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Growing Older is Mandatory. Growing Up is Optional

I yesterday got an e-mail with the nice story below about growing old and an old lady full of zest for life. It reminded me of four octogenarians I met in the course of the years and who impressed me a lot. One was a German theosophist from whom I inherited two big boxes of valuable books in the 80ies, shortly before he passed over. Another was an Argentinian marine officer and theosophist who started doing the Spanish translation of the Lunar Messenger, a third one a German lady from the WTT, a deeply spiritual person whom we visited last summer shortly before her passing, and the fourth a Canadian lady with a long spiritual background in the high 80ies with whom I have regular e-mail exchange (she just sent a note…). Here it goes:

“The first day of school our professor introduced himself and challenged us to get to know someone we didn’t already know. I stood up to look around when a gentle hand touched my shoulder. I turned around to find a wrinkled, little old lady beaming up at me with a smile that lit up her entire being.

She said, ‘Hi handsome. My name is Rose.. I’m eighty-seven years old. Can I give you a hug?’

I laughed and enthusiastically responded, ‘Of course you may!’ and she gave me a giant squeeze.

‘Why are you in college at such a young, innocent age?’ I asked.

She jokingly replied, ‘I’m here to meet a rich husband, get married, and have a couple of kids…’

‘No seriously,’ I asked. I was curious what may have motivated her to be taking on this challenge at her age.

‘I always dreamed of having a college education and now I’m getting one!’ she told me.

After class we walked to the student union building and shared a chocolate milkshake.

We became instant friends. Every day for the next three months we would leave class together and talk nonstop. I was always mesmerized listening to this ‘time machine’ as she shared her wisdom and experience with me..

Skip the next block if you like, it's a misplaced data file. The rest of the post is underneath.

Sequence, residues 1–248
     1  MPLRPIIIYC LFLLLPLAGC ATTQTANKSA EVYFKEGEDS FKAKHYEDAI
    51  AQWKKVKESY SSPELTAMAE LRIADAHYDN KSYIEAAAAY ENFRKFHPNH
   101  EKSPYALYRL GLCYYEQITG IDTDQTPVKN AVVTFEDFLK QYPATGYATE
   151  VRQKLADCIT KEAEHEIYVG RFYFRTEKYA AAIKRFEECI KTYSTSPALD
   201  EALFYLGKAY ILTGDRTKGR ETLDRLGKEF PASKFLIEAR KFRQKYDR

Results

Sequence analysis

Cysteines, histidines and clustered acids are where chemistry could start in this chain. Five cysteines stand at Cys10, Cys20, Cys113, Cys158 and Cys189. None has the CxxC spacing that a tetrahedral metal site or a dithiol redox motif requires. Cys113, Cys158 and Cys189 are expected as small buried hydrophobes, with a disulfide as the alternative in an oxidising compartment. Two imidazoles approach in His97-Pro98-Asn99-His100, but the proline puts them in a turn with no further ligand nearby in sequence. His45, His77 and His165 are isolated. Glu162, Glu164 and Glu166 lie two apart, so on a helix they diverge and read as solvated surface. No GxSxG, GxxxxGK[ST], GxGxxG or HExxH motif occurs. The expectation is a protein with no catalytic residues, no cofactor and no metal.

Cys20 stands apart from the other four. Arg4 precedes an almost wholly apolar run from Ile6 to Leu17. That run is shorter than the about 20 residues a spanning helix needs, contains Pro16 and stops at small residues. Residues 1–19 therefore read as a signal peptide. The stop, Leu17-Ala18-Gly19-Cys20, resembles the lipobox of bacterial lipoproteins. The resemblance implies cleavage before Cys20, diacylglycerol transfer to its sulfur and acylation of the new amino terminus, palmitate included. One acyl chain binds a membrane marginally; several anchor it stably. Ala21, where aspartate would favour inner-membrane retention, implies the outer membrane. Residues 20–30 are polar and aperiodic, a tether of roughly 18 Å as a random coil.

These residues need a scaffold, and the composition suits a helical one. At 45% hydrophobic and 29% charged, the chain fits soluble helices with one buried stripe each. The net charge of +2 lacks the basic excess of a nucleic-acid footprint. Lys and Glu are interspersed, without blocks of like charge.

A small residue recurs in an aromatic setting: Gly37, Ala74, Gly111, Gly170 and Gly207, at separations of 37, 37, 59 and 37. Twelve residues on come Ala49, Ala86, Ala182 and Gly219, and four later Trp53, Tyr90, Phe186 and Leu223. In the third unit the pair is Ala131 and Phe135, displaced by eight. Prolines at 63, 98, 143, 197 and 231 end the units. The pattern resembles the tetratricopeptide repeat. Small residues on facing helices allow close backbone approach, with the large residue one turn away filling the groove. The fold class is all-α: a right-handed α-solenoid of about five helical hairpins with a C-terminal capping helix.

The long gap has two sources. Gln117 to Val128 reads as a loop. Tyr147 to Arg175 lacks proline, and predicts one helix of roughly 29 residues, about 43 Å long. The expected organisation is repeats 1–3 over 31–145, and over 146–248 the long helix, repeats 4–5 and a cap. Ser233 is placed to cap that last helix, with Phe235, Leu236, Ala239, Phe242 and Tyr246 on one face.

Over the course of the year, Rose became a campus icon and she easily made friends wherever she went. She loved to dress up and she revelled in the attention bestowed upon her from the other students. She was living it up.

At the end of the semester we invited Rose to speak at our football banquet. I’ll never forget what she taught us. She was introduced and stepped up to the podium. As she began to deliver her prepared speech, she dropped her three by five cards on the floor.

Frustrated and a little embarrassed she leaned into the microphone and simply said, ‘I’m sorry I’m so jittery. I gave up beer for Lent and this whiskey is killing me! I’ll never get my speech back in order so let me just tell you what I know.’

As we laughed she cleared her throat and began, ‘ We do not stop playing because we are old; we grow old because we stop playing.

There are only four secrets to staying young, being happy, and achieving success. You have to laugh and find humour every day. You’ve got to have a dream. When you lose your dreams, you die.

We have so many people walking around who are dead and don’t even know it!

There is a huge difference between growing older and growing up.

If you are nineteen years old and lie in bed for one full year and don’t do one productive thing, you will turn twenty years old. If I am eighty-seven years old and stay in bed for a year and never do anything I will turn eighty-eight.

Anybody can grow older. That doesn’t take any talent or ability. The idea is to grow up by always finding opportunity in change. Have no regrets.

The elderly usually don’t have regrets for what we did, but rather for things we did not do. The only people who fear death are those with regrets..’

She concluded her speech by courageously singing ‘The Rose.’

She challenged each of us to study the lyrics and live them out in our daily lives. At the year’s end Rose finished the college degree she had begun all those months ago.

One week after graduation Rose died peacefully in her sleep. Over two thousand college students attended her funeral in tribute to the wonderful woman who taught by example that it’s never too late to be all you can possibly be.

REMEMBER, GROWING OLDER IS MANDATORY. GROWING UP IS OPTIONAL. We make a Living by what we get. We make a Life by what we give.

God promises a safe landing, not a calm passage. If God brings you to it, He will bring you through it.

An old lady in a doll-house

3 Responses to “Growing Older is Mandatory. Growing Up is Optional”

  1. s├ębastien Says:

    whaou… very extra special mail… thanx for the share

  2. marion Says:

    Some say love it is a river
    that drowns the tender reed
    some say love it is a razor
    that leaves your soul to bleed

    Some say love it is a hunger
    an endless aching need
    I say love it is a flower
    and you its only seed

    It’s the heart afraid of breaking
    that never learns to dance
    it’s the dream afraid of waking
    that never takes the chance

    It’s the one who won’t be taken
    who can not seem to give
    and the soul afraid of dying
    that never learns to live

    When the night has been too lonely
    and the road has been too long
    and you think that love is only
    for the lucky and the strong

    Just remember in the winter
    far beneath the bitter snow
    lies the seed that with the sun’s love
    in the spring becomes the rose

  3. Dinu Says:

    This one is very very nice!

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